Outlining in Reverse

By Debbie Burke

@burke_writer

Photo credit: Josue Isai Ramos Figueroa – unsplash

Jim Bell’s excellent post from Sunday about plotters vs. pantsers serves as an introduction to today’s subject: Is outlining useful for a pantser? Can it be done? 

The answer is yes…if you do it in reverse order.

Create the first draft.

Then go back and outline what you’ve written. 

In construction, there’s a term called “As Builts.” An architect may start out with an initial blueprint (outline) but the blueprint changes due to circumstances that arise during construction. The finished building is never the same as the original blueprint. Here’s an explanation from Precision Property Management’s site:

“An As-Built drawing should show the building exactly as it currently is, as opposed to a design drawing which shows the intended or proposed layout of the building. This is a critical distinction, because a constructed building almost never corresponds exactly to the original design drawings.”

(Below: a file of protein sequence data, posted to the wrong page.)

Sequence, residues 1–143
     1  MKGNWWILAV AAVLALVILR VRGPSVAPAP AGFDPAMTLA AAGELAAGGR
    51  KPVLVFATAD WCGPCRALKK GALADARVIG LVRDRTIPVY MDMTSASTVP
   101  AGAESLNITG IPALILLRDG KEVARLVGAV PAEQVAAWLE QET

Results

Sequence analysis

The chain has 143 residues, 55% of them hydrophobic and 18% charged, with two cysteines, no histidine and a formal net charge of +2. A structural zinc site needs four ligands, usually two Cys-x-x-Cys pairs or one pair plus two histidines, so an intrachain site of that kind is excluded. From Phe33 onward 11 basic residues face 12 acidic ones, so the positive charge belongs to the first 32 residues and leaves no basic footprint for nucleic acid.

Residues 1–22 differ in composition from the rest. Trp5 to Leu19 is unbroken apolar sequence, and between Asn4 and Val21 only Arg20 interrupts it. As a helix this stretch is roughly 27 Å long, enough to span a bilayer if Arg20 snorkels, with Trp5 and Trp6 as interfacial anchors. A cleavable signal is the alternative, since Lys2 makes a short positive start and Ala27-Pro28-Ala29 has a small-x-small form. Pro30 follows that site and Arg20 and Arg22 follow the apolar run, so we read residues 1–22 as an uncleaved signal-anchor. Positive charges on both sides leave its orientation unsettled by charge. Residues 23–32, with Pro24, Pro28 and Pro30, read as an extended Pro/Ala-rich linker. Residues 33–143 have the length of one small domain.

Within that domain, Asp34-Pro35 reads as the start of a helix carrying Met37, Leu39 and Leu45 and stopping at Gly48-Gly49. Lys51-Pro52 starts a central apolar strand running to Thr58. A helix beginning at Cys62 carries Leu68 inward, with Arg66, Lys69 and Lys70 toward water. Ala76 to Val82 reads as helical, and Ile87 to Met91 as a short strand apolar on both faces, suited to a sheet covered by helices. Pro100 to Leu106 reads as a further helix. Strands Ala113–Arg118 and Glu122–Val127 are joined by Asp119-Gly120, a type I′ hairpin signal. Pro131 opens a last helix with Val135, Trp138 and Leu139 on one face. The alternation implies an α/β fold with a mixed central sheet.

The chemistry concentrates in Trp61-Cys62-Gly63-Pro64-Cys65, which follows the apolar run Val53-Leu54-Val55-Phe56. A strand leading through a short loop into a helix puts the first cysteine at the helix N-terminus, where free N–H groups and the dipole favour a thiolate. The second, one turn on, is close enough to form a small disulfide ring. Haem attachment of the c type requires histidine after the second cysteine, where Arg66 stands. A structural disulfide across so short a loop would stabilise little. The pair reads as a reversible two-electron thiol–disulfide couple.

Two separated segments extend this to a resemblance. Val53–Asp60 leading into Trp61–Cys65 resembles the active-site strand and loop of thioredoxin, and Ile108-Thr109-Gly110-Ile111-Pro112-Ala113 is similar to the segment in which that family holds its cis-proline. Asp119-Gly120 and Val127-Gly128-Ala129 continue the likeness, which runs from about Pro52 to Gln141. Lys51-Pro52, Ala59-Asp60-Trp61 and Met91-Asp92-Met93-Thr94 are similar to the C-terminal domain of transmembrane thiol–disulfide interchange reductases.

Like a building, a finished story almost never corresponds to the initial idea. That’s why I don’t outline before writing that initial draft of discovery.

However, once the first draft is finished, I create an outline in the form of as-builts. That’s where the pantser’s errors and oversights show up. And, believe me, there will be plenty.

Oops, I forgot to install reinforcing bars before I poured the slab. Without rebar, the foundation cracks and sags. Gotta jackhammer up the concrete and start over.

Darn, I forgot to include a door that connects the kitchen and the dining room. Better get out the reciprocating saw and cut an opening in that solid wall.

Wow, the shingles on the roof look beautiful…except some of the trusses underneath are missing. The first snowfall causes the whole thing to collapse. Drat.

You get the idea.

Dennis Foley, novelist/screenwriter/educator extraordinaire, introduced me to the concept of “as built” outlines in fiction. He recommends writing in three steps:

  1. Think it up;
  2. Write it up;
  3. Fix it up.